• Notes on curriculum



    Part 2
    WHAT we have shared about curriculum is that it has been defined in myriad ways, but all these can be classified as either being prescriptive or descriptive, or a mix of these perspectives. We also sought to clarify certain terminologies, since they could shift in meaning.

    For instance, the term “course” could mean the degree one is pursuing (such as a Bachelor in Arts, or a Master in Management, or a PhD in Criminal Justice, etc.). Course could also mean a “subject,” a specific area (usually with three credit units, or if with laboratory, could have a total of five credit units) in a set of specific areas that constitute a curriculum (that is a program for an academic degree).

    We also shared that a curriculum, particularly a descriptive one, allows more flexibility through an elective system. This means that, depending on their interest or focus, students may choose a limited number of credit units from a set of courses/subjects, referred to as major electives, or as cognates. Likewise, free electives are also available for interests beyond, or outside, the student’s major.

    More on ‘courses/subjects’ and formats

    Different educational systems use “course” and “subject” interchangeably. In Canada and in the US, a course is usually an “individual ‘subject,” “a unit of teaching that typically lasts one academic term, is led by one or more instructors and has a fixed roster of students.” “Students may receive a grade and academic credit after completion of the course.” Countries with British influence such as “India, Australia and Singapore, as well as parts of Canada, refer to a course as the entire program of studies required to complete a university degree.”
    “Unit” or “module” is used to refer to “an academic course as it is referred to in other parts of the world, such as in North America and the rest of Europe.” In South Africa, “a course officially is the collection of all courses” (subjects) – in the American sense, these are often called ‘modules’ – over a year or semester, though the American usage is common.”

    In the Philippines, a course can be an individual subject (as used by academics and school officials) or the entire program, such as nursing, law, or business etc. (usually referred to by students and outsiders),” . Courses are conducted usually through lectures. Class interaction is minimal. Other formats of a course are: a Seminar, where students, guided by suggested topics in the syllabus, present their research on the topic, followed by an open forum; or a Colloquium, during which an assigned topic is discussed by assigned teams. Another course format is Tutorial– a one-to-one lecture, discussion of a lecturer with one or several students. Tutorials, in the Philippine setting, are conducted usually when a student in his/her final semester or trimester needs a subject or course, which is not offered during that term.

    In British universities where research degrees are offered, there is the Directed Individual Study course. Like a research paper adviser, an academic directs the student in an area of study, which is more concentrated and in-depth than a taught course. A last format is the Laboratory course, where most work takes place in a laboratory.” <https://en.wikipedia.org/wiki/Course_(education)>.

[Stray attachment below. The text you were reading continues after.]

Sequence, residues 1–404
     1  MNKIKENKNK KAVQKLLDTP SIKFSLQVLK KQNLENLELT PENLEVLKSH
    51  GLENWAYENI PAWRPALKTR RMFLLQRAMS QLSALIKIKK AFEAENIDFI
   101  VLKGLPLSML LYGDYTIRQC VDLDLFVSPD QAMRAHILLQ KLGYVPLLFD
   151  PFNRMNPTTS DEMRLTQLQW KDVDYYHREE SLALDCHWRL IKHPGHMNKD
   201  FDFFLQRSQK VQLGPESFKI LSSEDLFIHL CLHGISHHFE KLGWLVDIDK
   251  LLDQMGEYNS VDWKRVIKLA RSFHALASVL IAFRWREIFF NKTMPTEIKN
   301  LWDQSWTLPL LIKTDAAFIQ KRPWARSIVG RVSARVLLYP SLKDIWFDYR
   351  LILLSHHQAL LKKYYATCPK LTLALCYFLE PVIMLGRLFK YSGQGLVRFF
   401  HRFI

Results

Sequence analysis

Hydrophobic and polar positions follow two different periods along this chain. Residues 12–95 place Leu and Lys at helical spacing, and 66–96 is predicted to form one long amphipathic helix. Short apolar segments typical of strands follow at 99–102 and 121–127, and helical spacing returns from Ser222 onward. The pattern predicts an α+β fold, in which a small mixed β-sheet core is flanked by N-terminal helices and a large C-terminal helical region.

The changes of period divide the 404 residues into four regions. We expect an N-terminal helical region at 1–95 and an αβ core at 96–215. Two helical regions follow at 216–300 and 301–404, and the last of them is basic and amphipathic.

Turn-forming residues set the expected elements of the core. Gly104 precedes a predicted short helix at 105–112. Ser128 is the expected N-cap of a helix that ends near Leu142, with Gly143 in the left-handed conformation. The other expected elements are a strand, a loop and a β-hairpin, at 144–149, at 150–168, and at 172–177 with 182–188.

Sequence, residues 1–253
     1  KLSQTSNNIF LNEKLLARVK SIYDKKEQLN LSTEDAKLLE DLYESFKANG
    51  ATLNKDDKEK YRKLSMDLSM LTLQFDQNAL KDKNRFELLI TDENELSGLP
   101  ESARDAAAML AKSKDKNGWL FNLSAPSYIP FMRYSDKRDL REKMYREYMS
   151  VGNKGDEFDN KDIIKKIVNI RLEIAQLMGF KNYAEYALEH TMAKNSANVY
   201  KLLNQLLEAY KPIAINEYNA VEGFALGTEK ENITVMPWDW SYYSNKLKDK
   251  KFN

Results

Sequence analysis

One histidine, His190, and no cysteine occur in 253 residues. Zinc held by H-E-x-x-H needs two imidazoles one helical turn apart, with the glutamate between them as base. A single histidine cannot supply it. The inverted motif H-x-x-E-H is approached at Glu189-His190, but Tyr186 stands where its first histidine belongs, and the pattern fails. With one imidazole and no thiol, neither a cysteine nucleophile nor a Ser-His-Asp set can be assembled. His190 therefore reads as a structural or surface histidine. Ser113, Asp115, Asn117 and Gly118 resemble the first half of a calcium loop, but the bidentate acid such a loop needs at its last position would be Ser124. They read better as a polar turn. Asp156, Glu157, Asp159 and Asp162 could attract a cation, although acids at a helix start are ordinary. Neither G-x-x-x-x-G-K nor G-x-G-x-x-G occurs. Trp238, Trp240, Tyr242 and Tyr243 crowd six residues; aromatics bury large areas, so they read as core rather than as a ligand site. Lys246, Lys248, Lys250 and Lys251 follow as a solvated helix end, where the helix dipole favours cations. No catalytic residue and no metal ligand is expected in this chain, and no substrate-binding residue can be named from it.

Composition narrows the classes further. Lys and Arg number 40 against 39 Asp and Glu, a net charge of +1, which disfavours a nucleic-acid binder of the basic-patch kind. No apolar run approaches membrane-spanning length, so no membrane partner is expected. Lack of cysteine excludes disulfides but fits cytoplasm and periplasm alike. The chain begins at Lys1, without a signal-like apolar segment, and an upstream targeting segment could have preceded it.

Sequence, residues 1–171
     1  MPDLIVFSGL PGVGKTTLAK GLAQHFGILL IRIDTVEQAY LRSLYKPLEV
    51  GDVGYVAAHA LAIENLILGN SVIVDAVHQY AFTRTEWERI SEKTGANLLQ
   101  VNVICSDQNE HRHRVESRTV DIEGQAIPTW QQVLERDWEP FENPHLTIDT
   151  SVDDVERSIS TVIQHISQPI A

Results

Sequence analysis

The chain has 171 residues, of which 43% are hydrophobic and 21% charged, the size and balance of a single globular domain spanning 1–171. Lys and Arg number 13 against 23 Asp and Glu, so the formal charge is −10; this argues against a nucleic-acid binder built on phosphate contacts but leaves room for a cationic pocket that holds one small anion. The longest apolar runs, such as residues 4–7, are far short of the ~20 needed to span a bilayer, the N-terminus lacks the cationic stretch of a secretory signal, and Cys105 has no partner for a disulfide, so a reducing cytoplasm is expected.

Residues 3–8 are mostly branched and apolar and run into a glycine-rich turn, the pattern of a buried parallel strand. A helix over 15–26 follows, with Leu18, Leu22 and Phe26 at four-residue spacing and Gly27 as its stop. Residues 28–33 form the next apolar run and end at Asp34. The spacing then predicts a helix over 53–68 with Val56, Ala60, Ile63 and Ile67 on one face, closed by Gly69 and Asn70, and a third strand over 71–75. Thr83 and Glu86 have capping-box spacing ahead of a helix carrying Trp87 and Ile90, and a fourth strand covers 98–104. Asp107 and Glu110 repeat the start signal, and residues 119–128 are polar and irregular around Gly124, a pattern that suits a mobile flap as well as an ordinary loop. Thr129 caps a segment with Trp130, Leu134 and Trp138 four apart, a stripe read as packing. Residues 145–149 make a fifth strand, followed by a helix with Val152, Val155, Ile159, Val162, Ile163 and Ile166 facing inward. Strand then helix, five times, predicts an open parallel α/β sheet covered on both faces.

A degree program usually has electives. A student can choose a major from a list of majors leading to a degree program, such as a Bachelor in Business, major in Hotel and Restaurant Management (BB-HRM), or in Accounting; a Master of Arts in Education (MAEd), major in English, or in Music Education; or a Doctor of Philosophy (PhD) in Curriculum.

    Besides choices on which major to pursue, the set of subjects/courses for the chosen major has electives. These are “a number of optional subjects/courses” among those in the list of the required subjects/courses for a chosen major. Usually 25 percent of the total credits for the major area are electives. A doctoral degree requiring a total of 60 credit units spreads the 60 to 15 (or 18) for basic (also referred as foundations), 33 (or 30) for the major, and 12 for dissertation.

    In a flexible curriculum, 6 to 9 credit units for the major courses/subjects could be chosen from a set of electives known as cognates. However, I find some curricula (very prescriptive), where the major subjects are all required, no breathing space, so to speak.

    “Elective courses tend to be more specialized.” On the baccalaureate level, these are usually in the junior or senior year where, usually students are fewer than in the required courses. Medical students may choose an elective that permits them to “experience other cultures, and to learn how to work in clinical situations in other countries https://en.wikipedia.org/wiki/Course_(education) – cite_note-2.” Enrolment in electives in the major requires students to have taken corresponding prerequisite courses/subjects.<https://en.wikipedia.org/wiki/ Course_ (education)>

    Kinds and role of electives

    Understanding the role of electives maximizes the functionality of a degree program. A flexible curriculum gives the student the freedom to pursue interests that may lie outside his/her major and that “extend beyond those addressed in the foundation subjects/courses.” While foundation courses/subjects are prescribed, a major program may consist of required and major electives. Choice of electives could be on those that “give priority to developing skills and approaches,” or on those that “give priority to the field under investigation.” Besides major electives, there are also cognates and free electives. Cognates can shed further light in a major, such as a course on Japanese Culture for a major in Nihonggo.<

    (Next week – influences on a curriculum)

    Email: ttumapon@liceo.edu.ph


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